In the March issue of the Atlantic, writer Lori Gottlieb throws down some fighting words about being female and single in your third decade. "Every woman I know -- no matter how successful and ambitious, how financially and emotionally secure -- feels panic, occasionally coupled with desperation, if she hits 30 and finds herself unmarried."
But wait, there's more! Gottlieb goes on to say that it isn't just the women she knows; it's all women. Disagree with her? You're wrong. Don't feel the same? You're lying to yourself. As she writes, "Take a good look in the mirror and try to convince yourself that you're not worried, because you'll see how silly your face looks when you're being disingenuous."
I took Gottlieb's advice, and my face does look silly. But that's just because I'm making gagging faces and pantomiming a stabbing motion to my throat.
Look, I'm 33, and ain't no ring on this finger. And I don't feel bad about that. I feel remarkably fine about that. Maybe I'm just repressing my shame. Maybe I swallowed my panic and desperation. (Though it tasted, for all the world, like a delicious cheese blintz.) But I don't think so. Panic and desperation are old pals; they come over to dinner, sip Scotch and curl up with me in bed. But I just don't feel this feminine anxiety and shame about being single that smart, talented writers like Gottlieb keep trying to hang on me.
The point of the story, titled "The Case for Marrying Mr. Good Enough," is that women should settle rather than holding out for some ideal man. I like that Gottlieb is chipping away at the old poisonous myth of "The One." But her argument really isn't about the rest of us; it's about her. She wishes she hadn't been so idealistic in her 30s. And somehow, that gives her the wisdom to offer such advice as: "Don't worry about passion or intense connection. Don't nix a guy based on his annoying habit of yelling 'Bravo!' in movie theaters. Overlook his halitosis or abysmal sense of aesthetics. Because if you want to have the infrastructure in place to have a family, settling is the way to go."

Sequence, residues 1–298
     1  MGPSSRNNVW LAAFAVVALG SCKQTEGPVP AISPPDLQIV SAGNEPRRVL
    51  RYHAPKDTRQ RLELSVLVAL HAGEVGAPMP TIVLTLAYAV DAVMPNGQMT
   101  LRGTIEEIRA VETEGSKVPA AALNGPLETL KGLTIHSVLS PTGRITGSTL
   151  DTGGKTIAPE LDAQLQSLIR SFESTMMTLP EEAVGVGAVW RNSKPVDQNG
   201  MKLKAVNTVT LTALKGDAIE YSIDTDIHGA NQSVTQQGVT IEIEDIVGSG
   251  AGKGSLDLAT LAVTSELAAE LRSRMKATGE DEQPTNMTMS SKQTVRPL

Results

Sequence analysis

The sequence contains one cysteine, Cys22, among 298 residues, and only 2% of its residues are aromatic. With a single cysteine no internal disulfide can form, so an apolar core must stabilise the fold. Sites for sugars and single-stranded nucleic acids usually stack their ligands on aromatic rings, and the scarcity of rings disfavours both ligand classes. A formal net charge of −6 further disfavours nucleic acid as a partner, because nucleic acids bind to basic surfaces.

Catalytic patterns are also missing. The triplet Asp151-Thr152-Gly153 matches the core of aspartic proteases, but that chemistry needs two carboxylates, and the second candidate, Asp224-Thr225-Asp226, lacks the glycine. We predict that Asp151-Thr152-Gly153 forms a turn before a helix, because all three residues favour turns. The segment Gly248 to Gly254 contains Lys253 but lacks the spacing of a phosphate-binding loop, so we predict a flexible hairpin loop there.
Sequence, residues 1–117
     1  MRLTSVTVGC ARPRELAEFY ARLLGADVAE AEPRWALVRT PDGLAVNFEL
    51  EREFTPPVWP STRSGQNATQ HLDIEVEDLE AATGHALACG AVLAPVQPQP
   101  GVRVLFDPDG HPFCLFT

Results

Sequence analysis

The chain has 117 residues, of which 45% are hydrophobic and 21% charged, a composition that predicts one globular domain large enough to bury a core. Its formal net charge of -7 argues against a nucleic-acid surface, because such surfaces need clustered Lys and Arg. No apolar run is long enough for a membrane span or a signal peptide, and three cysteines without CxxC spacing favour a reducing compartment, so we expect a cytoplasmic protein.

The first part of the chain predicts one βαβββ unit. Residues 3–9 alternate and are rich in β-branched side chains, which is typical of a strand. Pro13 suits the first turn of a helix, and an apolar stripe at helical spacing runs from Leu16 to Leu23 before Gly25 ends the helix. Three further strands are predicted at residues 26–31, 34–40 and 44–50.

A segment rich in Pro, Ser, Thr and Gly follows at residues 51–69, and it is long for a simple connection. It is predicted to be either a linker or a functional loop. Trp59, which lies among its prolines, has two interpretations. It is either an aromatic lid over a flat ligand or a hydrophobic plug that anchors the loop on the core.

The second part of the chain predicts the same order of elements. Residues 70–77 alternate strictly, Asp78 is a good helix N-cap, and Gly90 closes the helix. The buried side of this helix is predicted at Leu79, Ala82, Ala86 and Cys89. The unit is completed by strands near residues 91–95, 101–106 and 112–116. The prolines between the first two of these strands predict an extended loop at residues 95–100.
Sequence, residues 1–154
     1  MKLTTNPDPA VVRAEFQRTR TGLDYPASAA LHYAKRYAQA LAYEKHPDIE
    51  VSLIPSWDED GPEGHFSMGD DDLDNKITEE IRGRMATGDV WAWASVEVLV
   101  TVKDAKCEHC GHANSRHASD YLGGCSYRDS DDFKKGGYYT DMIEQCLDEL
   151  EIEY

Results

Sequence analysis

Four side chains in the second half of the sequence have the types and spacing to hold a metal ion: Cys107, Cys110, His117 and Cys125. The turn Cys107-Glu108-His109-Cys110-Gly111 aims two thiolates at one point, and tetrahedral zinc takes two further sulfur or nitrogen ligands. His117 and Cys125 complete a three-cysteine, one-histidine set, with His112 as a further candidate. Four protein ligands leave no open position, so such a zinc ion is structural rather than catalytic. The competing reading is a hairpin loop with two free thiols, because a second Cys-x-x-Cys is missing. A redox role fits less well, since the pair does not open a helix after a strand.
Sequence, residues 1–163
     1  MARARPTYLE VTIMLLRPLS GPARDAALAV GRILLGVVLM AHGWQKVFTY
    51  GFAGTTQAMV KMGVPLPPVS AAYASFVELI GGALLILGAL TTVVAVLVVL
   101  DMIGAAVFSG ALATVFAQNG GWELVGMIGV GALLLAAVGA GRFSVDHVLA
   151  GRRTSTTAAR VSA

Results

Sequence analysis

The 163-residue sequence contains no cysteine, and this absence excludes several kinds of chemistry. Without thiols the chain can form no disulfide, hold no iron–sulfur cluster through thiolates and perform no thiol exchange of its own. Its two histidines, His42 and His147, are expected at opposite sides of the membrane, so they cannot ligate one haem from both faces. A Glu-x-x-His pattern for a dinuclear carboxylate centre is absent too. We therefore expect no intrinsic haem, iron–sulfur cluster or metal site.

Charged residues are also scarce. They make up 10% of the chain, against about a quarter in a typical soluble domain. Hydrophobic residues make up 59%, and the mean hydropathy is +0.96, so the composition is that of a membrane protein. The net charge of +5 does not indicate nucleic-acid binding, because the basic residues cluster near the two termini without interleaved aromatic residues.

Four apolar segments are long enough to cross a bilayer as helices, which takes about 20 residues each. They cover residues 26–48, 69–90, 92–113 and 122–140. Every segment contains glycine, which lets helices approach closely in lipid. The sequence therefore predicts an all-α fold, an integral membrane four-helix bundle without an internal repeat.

(Maybe I'm just an insufferable romantic, but in my dreams about family, the word "infrastructure" has never figured.) I actually agree with Gottlieb in part here. I've known women (and men!) who dumped partners for stupid, superficial reasons: a messy bathroom, a soft pudge in the belly. You should never nix a guy because he yells 'Bravo!' in movie theaters (though you should ask how you began dating James Lipton). Accepting these things isn't settling; it's lowering your expectations to be more realistic, to allow for slight human flaws and not expect our partners, male or female, to be perfect.
But it frankly pisses me off when a stranger tells me I'm in denial about the shame of being single. And telling me not to demand passion or intense connection? Sorry. I won't settle for that.